Fuerte was shocked to hear he is a finalist.

“I know my name is out there, but it’s the enthusiasm of all the students and their hard work and their love of just music class that made this possible,” he said. “It’s really exciting and I’m honored, but I’m also super humbled that I could get 506 students to love music that much that someone would consider me a good teacher.”

His wife Shelly Fuerte said in the 25 years she’s been with him, she has never seen someone else with Fuerte’s lack of ego.

Beyond class, Fuerte spends most of his time still teaching students music. Three years ago, some students wanted to form a band called Divisible by 6, or DB6. They approached him, asking to be coached, and he said yes.

DB6 performed at Beat Kitchen, a music venue in Chicago, as part of the 2017 Little Kids Rock Jamfest. Fuerte said the next year, he had 11 bands knocking on his door.

To create a space for students to play, Fuerte decided to create the Hootenanny Music Festival. The first year, they held it at Willard. Now, the festival runs for two days at the Fleetwood-Jourdain Center, and the number of student bands has more than doubled.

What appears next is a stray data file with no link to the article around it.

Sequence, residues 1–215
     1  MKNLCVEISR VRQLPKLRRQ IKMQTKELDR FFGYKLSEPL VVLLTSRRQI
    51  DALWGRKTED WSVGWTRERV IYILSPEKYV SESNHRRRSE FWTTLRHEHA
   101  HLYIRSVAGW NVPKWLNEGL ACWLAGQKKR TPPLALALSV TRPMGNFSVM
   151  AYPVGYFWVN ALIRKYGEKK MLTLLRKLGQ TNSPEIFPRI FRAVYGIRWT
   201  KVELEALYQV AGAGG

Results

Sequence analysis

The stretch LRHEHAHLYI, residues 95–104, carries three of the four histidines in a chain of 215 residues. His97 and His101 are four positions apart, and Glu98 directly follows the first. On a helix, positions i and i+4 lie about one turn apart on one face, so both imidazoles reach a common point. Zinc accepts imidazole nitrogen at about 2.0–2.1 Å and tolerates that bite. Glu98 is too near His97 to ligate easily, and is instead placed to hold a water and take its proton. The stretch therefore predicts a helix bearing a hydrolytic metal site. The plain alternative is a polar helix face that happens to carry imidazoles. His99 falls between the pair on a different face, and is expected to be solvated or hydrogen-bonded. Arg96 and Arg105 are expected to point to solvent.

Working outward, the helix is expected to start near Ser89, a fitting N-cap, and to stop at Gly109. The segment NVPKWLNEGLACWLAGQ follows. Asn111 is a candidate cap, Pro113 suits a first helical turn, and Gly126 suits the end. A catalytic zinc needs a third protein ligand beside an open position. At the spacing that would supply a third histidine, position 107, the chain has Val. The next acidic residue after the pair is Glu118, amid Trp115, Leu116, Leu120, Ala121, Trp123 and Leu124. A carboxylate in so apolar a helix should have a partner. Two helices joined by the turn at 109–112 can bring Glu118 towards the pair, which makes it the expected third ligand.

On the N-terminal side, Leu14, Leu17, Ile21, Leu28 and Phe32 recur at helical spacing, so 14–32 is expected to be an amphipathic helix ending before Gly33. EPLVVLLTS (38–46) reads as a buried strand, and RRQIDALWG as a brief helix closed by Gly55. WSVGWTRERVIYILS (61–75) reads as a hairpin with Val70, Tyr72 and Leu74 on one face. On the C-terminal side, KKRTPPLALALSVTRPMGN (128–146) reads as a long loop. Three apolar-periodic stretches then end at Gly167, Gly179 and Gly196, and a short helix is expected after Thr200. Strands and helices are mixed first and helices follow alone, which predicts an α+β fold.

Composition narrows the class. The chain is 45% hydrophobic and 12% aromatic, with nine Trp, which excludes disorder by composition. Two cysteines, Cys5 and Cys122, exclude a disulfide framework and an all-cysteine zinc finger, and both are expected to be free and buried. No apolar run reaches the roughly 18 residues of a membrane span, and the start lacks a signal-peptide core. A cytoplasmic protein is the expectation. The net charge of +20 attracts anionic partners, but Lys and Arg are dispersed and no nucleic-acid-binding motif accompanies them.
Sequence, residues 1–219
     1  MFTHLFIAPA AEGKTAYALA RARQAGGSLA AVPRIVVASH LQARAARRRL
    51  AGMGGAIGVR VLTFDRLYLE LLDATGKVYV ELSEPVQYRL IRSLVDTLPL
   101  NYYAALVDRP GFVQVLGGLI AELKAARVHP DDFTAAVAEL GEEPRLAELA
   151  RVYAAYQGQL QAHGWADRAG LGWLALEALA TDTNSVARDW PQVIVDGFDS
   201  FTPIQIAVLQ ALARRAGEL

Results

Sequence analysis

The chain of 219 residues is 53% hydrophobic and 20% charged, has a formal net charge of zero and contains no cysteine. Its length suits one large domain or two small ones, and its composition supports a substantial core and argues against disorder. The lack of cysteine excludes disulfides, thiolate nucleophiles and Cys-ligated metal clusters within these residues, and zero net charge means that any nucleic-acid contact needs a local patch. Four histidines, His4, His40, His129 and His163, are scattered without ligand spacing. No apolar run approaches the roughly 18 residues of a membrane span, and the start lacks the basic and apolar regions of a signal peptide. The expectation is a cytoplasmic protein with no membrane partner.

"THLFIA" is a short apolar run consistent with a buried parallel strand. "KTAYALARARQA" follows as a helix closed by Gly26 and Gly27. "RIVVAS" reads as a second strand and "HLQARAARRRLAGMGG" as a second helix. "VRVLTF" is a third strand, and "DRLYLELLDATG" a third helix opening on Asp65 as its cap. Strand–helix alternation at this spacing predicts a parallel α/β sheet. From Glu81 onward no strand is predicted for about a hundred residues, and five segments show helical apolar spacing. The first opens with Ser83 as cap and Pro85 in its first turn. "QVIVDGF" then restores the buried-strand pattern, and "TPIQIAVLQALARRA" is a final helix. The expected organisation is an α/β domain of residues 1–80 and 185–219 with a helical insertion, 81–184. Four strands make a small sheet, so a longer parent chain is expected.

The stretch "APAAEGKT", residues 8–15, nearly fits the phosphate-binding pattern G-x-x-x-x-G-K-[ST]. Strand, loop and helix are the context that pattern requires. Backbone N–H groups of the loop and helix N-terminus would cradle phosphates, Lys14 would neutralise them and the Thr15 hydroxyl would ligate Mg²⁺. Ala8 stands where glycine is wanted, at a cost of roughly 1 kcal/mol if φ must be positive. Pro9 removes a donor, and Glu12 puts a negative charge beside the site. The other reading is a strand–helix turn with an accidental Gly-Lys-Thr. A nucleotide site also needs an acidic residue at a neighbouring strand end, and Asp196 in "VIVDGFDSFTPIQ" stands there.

“We have 23 different bands, anywhere from rock, to hip hop, to country music,” Fuerte said.
“It’s something they need, it’s something they want. I’m just using the skills that I have in the professional music world to create a music festival.”

Listen below to hear more about his impact on his students and the Hootenanny Music Festival.

His colleague Chris Skoglund, who wrote him a recommendation letter for the award, said Fuerte has a significant presence at Willard.

“He’s one of the people that I see kids gravitating towards and trusting outside of their classroom teachers,” Skoglund said. “There’s always kids kind of wandering around his space and wanting to connect with him that way. So he is definitely one of the go-to people for a lot of kids in the school.”

Skoglund added that his fluency in Spanish has helped students, especially since Willard has a dual-language program. She said he’s responsive to feedback and wants to make sure all students are included in his programs.

Fuerte said his teaching style is student-centered and student-led. Rebekka Green, a Chicago Public Schools music teacher, uses some of his methods. She said she has attended about 50 professional development sessions, but learned more from Fuerte in one session.